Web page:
The audio social chat app is invitation-only and is available on iOS, but it has seen an explosion of growth in the past couple of months as users invite their friends to join.
As of February 1, it had over 3.5 million global downloads and 8.1 million by Feb 16, 2021, and has quickly garnered attention in the U.K., Germany, Japan, Brazil, and Turkey, wrote Lexi Sydow, an analyst at App Annie, in a blog post.
“It is like plugging into the zeitgeist in real time,” said Jon Radoff, CEO of game development platform Beamable, in a message. “I learn an enormous amount in every conversation I’ve experienced.”
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Radoff’s Game Industry Cocktails room has been running nonstop for four days now, as different moderators take over the conversation and keep it going. I’m joining him at 6 p.m. tonight for a talk on game venture capital.
Like many other social businesses in the pandemic, Clubhouse is benefiting from the need to replace what we’ve lost.
“It certainly replaced the void I had in my ability to network once there were no more conferences to go to,” said Oden Sharon, a game developer in Israel, in a message.
I’ve been a regular, especially during my evening jogs, when I have time to listen. I’ve frequently joined rooms with 5,000 people listening to luminaries like Marc Andreessen, cofounder of Andreessen Horowitz, which led a $100 million investment round for Clubhouse on January 25. Other well-known figures who joined conversations include Elon Musk and Mark Zuckerberg.
I like it because I get to join instant panels on game topics. There are regular discussions about virtual reality, blockchain and cryptocurrency, gaming careers, raising money, the acquisitions frenzy, and more. Anyone can create a room, and you can invite all your friends to join, and they can invite their friends. You see the rooms that your friends are in, and you can explore other rooms randomly.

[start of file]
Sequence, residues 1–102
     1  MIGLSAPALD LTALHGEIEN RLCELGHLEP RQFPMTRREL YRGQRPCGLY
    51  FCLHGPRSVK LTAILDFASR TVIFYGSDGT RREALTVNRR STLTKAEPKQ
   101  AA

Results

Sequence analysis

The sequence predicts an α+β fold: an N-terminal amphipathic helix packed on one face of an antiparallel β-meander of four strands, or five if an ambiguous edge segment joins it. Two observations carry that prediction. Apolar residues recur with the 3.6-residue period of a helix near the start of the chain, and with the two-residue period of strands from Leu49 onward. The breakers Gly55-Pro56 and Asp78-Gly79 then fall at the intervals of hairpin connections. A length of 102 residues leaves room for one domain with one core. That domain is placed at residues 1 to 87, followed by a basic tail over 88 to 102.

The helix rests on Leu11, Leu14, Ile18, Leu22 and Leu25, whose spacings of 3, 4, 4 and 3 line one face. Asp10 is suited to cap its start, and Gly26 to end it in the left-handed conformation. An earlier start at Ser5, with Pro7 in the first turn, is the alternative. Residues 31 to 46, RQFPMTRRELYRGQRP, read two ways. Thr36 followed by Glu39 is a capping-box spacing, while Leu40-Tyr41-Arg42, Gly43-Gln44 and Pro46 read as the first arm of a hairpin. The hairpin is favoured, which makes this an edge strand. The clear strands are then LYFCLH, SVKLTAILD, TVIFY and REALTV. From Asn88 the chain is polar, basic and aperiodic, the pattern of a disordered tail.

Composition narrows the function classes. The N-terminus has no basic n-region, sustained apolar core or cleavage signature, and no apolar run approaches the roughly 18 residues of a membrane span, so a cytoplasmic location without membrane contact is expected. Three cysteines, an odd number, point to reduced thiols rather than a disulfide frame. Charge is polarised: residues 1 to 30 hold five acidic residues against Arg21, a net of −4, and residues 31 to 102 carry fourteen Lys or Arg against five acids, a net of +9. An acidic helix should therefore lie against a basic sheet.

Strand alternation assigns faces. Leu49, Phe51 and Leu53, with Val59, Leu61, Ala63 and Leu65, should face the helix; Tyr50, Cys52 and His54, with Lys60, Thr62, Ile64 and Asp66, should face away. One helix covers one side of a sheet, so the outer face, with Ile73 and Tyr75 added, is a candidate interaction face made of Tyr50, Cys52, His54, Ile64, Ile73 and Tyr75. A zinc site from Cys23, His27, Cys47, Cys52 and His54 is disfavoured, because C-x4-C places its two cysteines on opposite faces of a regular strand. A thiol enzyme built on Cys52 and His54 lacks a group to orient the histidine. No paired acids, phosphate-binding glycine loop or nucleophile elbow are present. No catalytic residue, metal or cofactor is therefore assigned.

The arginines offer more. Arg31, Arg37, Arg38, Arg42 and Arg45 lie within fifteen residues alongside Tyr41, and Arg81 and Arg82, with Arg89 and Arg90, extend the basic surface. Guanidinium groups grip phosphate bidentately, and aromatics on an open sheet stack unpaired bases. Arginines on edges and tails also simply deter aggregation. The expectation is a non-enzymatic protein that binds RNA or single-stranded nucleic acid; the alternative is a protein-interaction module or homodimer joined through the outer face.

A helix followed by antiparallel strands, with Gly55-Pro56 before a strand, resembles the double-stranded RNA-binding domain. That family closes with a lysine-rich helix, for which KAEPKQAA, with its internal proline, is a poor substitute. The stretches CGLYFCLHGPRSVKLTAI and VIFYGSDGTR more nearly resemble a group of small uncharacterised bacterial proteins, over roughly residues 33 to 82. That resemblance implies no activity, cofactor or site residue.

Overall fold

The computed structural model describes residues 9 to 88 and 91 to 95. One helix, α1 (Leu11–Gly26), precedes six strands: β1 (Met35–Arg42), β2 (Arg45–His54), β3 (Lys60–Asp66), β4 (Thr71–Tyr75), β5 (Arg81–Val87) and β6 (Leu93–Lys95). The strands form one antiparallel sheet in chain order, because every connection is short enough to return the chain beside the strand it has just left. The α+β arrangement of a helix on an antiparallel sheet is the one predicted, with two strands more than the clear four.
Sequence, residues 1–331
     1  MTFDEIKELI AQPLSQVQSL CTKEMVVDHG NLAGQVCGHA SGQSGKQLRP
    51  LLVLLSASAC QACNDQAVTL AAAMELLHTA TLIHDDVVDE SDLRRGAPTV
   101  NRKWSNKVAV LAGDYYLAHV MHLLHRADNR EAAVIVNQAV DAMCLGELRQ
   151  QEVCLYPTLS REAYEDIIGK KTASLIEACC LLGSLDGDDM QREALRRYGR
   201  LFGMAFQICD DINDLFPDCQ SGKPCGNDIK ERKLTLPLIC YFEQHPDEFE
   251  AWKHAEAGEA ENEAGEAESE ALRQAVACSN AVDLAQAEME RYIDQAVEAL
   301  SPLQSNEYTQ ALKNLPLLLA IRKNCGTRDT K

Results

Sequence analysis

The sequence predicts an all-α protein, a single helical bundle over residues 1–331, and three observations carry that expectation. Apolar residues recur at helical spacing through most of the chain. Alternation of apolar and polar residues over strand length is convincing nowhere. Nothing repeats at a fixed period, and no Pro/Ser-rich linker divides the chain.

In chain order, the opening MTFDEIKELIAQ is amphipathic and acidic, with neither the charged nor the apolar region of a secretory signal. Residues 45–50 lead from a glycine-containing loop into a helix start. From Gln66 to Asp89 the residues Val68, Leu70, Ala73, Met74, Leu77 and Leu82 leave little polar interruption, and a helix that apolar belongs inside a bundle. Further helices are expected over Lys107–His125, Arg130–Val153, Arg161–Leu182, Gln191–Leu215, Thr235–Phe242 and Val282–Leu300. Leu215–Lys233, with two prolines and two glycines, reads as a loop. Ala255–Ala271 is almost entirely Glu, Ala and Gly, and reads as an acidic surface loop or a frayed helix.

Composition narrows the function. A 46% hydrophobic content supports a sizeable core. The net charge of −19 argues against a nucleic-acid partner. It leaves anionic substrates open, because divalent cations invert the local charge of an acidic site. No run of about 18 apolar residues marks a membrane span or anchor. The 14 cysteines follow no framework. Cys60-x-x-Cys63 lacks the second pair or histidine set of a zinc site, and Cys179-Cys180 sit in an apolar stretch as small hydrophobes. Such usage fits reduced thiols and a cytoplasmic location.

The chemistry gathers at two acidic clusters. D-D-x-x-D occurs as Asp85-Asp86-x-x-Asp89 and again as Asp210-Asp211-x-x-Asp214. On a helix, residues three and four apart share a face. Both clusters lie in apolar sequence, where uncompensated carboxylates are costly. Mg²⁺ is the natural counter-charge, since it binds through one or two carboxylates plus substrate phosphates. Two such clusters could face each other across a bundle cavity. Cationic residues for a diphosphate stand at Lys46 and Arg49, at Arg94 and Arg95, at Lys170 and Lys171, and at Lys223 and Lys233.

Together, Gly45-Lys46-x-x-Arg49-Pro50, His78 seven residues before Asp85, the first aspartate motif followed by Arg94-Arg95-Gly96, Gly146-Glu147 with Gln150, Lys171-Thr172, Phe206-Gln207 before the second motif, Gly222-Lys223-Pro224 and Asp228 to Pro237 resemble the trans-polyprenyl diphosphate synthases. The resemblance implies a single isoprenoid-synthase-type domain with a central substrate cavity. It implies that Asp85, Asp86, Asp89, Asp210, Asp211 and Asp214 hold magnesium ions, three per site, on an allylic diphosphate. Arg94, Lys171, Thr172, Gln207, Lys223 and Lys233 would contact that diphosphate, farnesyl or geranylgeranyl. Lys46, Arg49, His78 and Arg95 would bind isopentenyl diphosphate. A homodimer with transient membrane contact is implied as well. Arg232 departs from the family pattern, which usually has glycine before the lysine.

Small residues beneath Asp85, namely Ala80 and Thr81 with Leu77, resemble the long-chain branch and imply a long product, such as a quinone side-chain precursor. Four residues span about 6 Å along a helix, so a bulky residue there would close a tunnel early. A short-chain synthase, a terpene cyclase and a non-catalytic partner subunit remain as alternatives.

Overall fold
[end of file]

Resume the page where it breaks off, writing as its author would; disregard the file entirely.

With hundreds of people joining the rooms, the odds are pretty good that there’s an expert available to discuss a topic. Moderators can promote audience members to join the stage, and audience members can raise a virtual hand to ask questions. After they ask a question, the moderator can put them back in the audience. The moderator can also boot anyone out of a room.
Elena Mazhuha, investment manager at Genesis Investments, has been on Clubhouse for about six weeks, and she co-hosts the Hype News show each Monday at 10 a.m. Pacific time.
“It’s an awesome tool for online events. It takes one minute to create an event and let every follower know when it will happen. The quality of voice is high. The UX (user experience) is easy even for non-sophisticated users,” she said in a message. “You don’t need to bother how you look when you network via Clubhouse. No video calls, no problems. The conversations between speakers feel lively and human. They’re not as refined as podcasts, which makes them better for a wide audience, because the wide audience loves “rough edges.”
She also said, “Clubhouse fills the gap that radio once filled. When I was a kid, I dreamed of calling to the radio station and saying ‘hello’ to my mom and dad. On Clubhouse, people can raise their hands and say hello in the livestream.”